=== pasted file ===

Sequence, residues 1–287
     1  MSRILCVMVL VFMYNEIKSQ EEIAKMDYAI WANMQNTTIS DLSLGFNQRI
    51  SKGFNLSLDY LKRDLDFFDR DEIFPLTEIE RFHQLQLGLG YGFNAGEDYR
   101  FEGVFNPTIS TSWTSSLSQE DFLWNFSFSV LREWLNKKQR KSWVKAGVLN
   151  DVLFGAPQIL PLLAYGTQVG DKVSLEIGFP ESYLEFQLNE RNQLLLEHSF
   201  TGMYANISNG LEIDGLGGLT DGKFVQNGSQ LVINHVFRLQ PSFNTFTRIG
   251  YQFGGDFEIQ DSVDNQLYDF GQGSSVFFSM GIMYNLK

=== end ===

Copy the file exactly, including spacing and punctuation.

Sequence, residues 1–287
     1  MSRILCVMVL VFMYNEIKSQ EEIAKMDYAI WANMQNTTIS DLSLGFNQRI
    51  SKGFNLSLDY LKRDLDFFDR DEIFPLTEIE RFHQLQLGLG YGFNAGEDYR
   101  FEGVFNPTIS TSWTSSLSQE DFLWNFSFSV LREWLNKKQR KSWVKAGVLN
   151  DVLFGAPQIL PLLAYGTQVG DKVSLEIGFP ESYLEFQLNE RNQLLLEHSF
   201  TGMYANISNG LEIDGLGGLT DGKFVQNGSQ LVINHVFRLQ PSFNTFTRIG
   251  YQFGGDFEIQ DSVDNQLYDF GQGSSVFFSM GIMYNLK